After the Q&A completed, we were told that we were going to get to see Kelsey Grammer as he was in the middle of being made up into Beast. They would go in two groups, so I stayed behind and interviewed Visual Effects Supervisor John Bruno instead.
John Bruno is the Visual Effects Supervisor for X-Men: The Last Stand. He’s also been responsible for the effects in most of your favorite movies. He worked on Alien vs. Predator, “Titanic,” “True Lies,” “Cliffhanger,” “Batman Returns,” “Terminator 2: Judgment Day,” “The Abyss,” “Ghostbusters,” “Poltergeist,” “Fright Night,” and more. He also directed “Virus” and “T2 3-D: Battle Across Time”. In short, this guy has been involved in some cool stuff. My fellow geek press and I got to interview him on that freezing night in Vancouver.
Q: We just had the actors here and Brett Ratner and we were talking about how this is the biggest film emotionally, visually, design wise. Is it fair to say the same thing with the visual effects, compared to the first two films and a tighter deadline?
Bruno: Yeah, we have quite a few more visual effects in this movie than in the last two films. And a tighter deadline.
Q: What does that mean to you as the supervisor? Is it just like a seven day a week grind for you? Are you just always on the go with not a moments rest?
Bruno: Well, this film, I’ve been here 7 months, had 2 days off, because if it’s not first unit, it’s second unit. And the problem we’ve got, no, it’s not a problem, it’s just the issue we have is the biggest sequence, visual effects wise, is the entire end of the movie which we are shooting now. Usually you try to schedule that in the beginning, and the original approach to the film was that there are so many visual effects shots, we should try to get as much done in-camera as possible. So we built a full size section of the Golden Gate Bridge, which I don’t know if you’ve seen, and a 1 to 1 section of Alcatraz that matches Alcatraz that we have to basically line up visually, and with photographs and real helicopter footage, and footage we shot looking at the island from the ocean. So, it’s very complicated and part of the concept, even with the second unit working with Simon Crane, is that we try to do as much, he can do as much in camera as possible. Like Angel flying for real in a location. What Simon’s been really helping with is putting the actors in the real environment, for real flying them on wires, dropping them off the roof up here. We have our Angel character, we pulled him 200 feet up in the air and swung him over the street in Briarton, out here, it was supposed to be downtown San Francisco. We really did it, and then basically what we have to do, in that concept, is take the cable and the rigs out and then add wings in CG. So the lighting’s going to be right, we know what the shadows are supposed to look like, it will advance us into our schedule, and there will also be a guy, where we’re not compositing him into the shot, just adding the wing. So that approach on a lot of levels throughout this film will take it to another level. The whole goal that I’ve seen studying the first two films, because I wasn’t involved in the first two, is that realism is the goal. It’s not fantasy, it’s not a ‘Lord of the Rings’ approach to anything in there. These people don’t do magic, they really have some strange power, and what it has to do is lock somewhere in reality. So whatever we do has to be based in nature, and that’s the goal, and we’re trying to stick to that.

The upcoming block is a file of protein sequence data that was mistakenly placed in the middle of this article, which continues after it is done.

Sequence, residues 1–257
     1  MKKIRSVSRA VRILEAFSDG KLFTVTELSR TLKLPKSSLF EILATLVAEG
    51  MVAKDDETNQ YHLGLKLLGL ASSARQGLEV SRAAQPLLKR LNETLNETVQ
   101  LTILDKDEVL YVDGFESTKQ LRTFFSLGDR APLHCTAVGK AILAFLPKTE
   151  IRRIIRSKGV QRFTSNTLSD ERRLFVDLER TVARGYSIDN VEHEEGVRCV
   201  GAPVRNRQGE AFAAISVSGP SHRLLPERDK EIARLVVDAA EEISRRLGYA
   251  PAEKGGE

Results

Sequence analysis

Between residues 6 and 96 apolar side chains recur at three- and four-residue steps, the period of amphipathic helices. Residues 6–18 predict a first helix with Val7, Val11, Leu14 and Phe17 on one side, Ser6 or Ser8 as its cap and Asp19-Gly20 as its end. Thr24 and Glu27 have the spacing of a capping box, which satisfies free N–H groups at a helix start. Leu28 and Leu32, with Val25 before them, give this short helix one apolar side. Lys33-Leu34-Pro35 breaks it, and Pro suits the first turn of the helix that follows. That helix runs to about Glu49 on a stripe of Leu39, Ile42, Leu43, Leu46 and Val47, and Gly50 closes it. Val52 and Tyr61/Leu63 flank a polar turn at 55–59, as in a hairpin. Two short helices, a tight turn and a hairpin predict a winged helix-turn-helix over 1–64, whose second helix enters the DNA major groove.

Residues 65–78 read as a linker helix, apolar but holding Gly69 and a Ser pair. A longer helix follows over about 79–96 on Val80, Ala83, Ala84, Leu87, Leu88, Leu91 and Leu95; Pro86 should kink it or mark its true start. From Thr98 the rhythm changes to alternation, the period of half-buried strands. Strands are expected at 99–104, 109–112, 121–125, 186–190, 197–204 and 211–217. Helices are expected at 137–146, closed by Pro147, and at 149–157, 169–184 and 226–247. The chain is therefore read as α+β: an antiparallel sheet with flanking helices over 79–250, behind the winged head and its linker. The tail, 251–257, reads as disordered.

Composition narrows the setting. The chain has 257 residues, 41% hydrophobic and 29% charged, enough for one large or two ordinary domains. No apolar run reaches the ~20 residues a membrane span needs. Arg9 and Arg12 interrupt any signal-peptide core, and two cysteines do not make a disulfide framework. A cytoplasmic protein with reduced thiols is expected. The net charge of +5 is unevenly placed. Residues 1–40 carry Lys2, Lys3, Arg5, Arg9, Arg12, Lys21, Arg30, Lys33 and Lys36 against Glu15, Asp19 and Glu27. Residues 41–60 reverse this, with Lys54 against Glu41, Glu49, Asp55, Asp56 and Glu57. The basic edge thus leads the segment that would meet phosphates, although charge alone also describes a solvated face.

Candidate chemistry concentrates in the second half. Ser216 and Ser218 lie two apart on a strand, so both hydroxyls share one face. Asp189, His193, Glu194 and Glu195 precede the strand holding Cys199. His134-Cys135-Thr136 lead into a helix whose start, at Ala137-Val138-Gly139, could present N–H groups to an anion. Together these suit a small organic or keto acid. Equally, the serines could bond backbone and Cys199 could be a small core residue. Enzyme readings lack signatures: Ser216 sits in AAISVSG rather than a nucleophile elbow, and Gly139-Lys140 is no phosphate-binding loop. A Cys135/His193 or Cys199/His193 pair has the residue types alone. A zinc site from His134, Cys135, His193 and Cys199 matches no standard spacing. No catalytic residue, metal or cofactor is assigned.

Q: Now, we were told yesterday, I think by one of the producers, that obviously there’s a template for many of the visual effects from the two previous films. You’re using several of the same houses that worked in X-Men and X2, is that correct?
Bruno: Wherever something worked really well, we don’t want to change it, so the company that did Mystique is doing Mystique. We are doing a couple of sequences with London houses. We’ve now brought on Weta. They’re a bit late, because they were delayed in delivering King Kong, but they’re here tonight actually, and they’re going to take on the bulk of the end of this movie. Just because of our schedule we need to really amp it up.
Q: Were there things, effects, in X-Men and X2, that you saw that maybe you didn’t understand or thought that you could improve upon that you are now implementing for this film?
Bruno: Well our approach is to start with what everybody knows and see if we can enhance it a little bit. We’re not trying to alter things entirely. I think we’re going to try to make the rays from Cyclops a little more visceral, a little more realistic looking. But we do have all these new characters. We have Beast, who in the books is very agile, but we have Kelsey Grammer out there who’s freezing, so we’ll be adding some moves based on some style that’s described in the books, the comic books, of what he has to do and that will be digital. But we have done digital, basically digital scans of every member of the cast in case they have to do something that’s impossible. We don’t even know what that is yet, but we’re ready.
Q: Was there any technology forced into existence in this production?
Bruno: Well, yeah, the opening of the movie. Well, yeah, there’s things in the opening of the movie that’s ground breaking and that didn’t exist until this movie. And we’ll be the first ones to be out in theaters with it, so it’s a technique. I think Simon Crane’s second unit stuff with cables and flying rigs are pretty outstanding because we’re actually using our actors. Every actor seems to have been flown at some point in this film – flown by a camera – so it’s pretty harrowing looking scenarios. Halle does some spectacular stuff, she creates a tornado, but we fly her up into the sky and it’s really good.
Q: What would you say is the most difficult effect in this film?
Bruno: Moving the bridge. Because, we’ve been looking at that, it’s pretty fun stuff. It’s scenes you’d like to see and it’s Magneto at his most insane, so it’s really good.
Q: Did you have a moment when as you read the script and you came aboard the project, “I just have no idea, this is amazing, and it reads great on the page, but I don’t have a clue how we’re going to bring it to life on the screen?”